And at his side from the first day to the last was his secretary, Father Stanisław Dziwisz, who would become archbishop of Kraków after John Paul’s death in 2005 and is now a cardinal.
Most evident with Cardinal Martini in Milan, John Paul did not insist on ideological conformity. Cardinal Casaroli, for example, was the architect of the Ostpolitik, the policy of accommodation and non-confrontation with the Soviet empire initiated under St. John XXIII and St. Paul VI.
John Paul shredded that policy on his first pilgrimage to Poland; his goal was not to find space to maneuver under communism, but to defeat it. Yet he entrusted Cardinal Casaroli with the highest office, confident in his skill and experience and knowing that he would not have to worry about his loyalty. John Paul did not keep an enemies list.
He was bold in making appointments that were unexpected, like appointing the Gregorian’s university rector, Carlo Martini, to the most prestigious diocese in Italy, Milan.
Also by his sixth anniversary, he made the astonishing decision to name Jean-Marie Lustiger, the son of Holocaust victims and a Jewish convert, as archbishop of Paris. Bishop Lustiger was so shocked he tried to change John Paul’s mind, but the Holy Father was firm. Archbishop Lustiger would become the most consequential residential cardinal in Europe during the 1980s and 1990s, a pioneer in the New Evangelization.
For the “capital of the world,” as he called it, John Paul did a similarly bold thing, naming John O’Connor, the former Navy chaplain who had only been bishop of Scranton, Pennsylvania, for nine months before his transfer to New York. It was another signature John Paul appointment, one that would reshape the Church in the United States.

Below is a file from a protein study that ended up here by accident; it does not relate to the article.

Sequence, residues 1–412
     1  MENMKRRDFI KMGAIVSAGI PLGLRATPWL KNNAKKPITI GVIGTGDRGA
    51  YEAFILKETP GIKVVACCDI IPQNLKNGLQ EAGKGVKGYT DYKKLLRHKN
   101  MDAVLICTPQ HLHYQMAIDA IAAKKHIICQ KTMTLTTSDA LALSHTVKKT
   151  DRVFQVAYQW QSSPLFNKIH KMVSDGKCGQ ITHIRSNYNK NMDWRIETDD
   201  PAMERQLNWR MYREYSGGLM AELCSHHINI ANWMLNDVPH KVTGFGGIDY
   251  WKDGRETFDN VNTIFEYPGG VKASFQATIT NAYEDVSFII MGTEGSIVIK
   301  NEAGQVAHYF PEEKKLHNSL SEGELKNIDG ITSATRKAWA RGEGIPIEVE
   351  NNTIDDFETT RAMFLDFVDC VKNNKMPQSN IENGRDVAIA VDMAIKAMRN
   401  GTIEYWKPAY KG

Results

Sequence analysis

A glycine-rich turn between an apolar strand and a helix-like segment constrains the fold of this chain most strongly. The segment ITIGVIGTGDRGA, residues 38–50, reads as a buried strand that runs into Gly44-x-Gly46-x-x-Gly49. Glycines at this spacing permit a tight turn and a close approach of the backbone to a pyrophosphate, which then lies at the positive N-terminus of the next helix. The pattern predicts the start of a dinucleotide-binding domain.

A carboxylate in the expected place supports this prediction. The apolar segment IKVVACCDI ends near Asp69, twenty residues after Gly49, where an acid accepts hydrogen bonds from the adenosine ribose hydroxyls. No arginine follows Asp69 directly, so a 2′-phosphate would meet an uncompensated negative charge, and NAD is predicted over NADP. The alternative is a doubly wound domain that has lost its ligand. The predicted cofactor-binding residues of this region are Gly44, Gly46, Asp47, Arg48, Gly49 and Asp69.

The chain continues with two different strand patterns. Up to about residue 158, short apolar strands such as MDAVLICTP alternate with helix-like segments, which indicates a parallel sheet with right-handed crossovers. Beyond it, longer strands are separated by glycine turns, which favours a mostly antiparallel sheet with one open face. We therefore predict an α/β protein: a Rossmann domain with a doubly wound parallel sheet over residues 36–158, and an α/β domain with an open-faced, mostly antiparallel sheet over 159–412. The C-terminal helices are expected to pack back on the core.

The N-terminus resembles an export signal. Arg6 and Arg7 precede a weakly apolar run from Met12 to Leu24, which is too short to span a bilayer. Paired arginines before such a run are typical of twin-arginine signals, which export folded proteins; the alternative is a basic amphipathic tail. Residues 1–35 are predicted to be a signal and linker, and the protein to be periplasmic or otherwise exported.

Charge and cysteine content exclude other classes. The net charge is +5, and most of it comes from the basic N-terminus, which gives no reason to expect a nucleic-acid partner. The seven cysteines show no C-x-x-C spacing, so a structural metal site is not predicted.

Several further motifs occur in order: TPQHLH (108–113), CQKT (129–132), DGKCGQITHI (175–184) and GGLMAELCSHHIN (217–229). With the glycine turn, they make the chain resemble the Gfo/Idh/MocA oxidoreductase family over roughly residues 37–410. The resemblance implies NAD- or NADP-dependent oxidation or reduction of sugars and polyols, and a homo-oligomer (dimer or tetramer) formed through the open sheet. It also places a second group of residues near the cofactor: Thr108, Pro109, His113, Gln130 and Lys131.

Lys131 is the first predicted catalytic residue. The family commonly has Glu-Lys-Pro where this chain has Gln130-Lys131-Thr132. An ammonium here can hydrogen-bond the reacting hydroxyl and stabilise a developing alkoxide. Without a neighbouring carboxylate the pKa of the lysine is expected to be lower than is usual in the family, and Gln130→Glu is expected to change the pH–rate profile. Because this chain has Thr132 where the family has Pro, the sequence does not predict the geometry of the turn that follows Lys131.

Six years into his pontificate, Pope Francis has also made unexpected appointments, elevating parish priests quickly to the archbishoprics of Milan and Palermo, as well as the vicariate of Rome. In both Lima, Peru, and La Plata, Argentina, he elevated priests whose orthodoxy as Catholic professors was examined under previous pontificates. There is a decisive boldness in that.
Yet it is fair to note that Pope Francis has not named prominent conservative bishops to senior posts, with the exception of Cardinal George Pell as prefect for the economy and Cardinal Robert Sarah as prefect for liturgy. In both cases, though, he subsequently stripped them of key parts of their authority, weakening their positions.
Neither have his appointments been recognized as qualitatively as those of Ratzinger, Casaroli, Gantin, Martini, Lustiger and O’Connor. There is no equivalent to the operational efficiency brought by Dziwisz, nor the polished professionalism in communications brought by Navarro-Valls. The pontificate of Pope Francis is much more controlled by the Holy Father himself and a tight circle around him.
It is even the case in Brussels, where the now-eulogized Cardinal Danneels was far more consequential a leading liberal than the current archbishop, a rather more pedestrian man appointed by Pope Francis.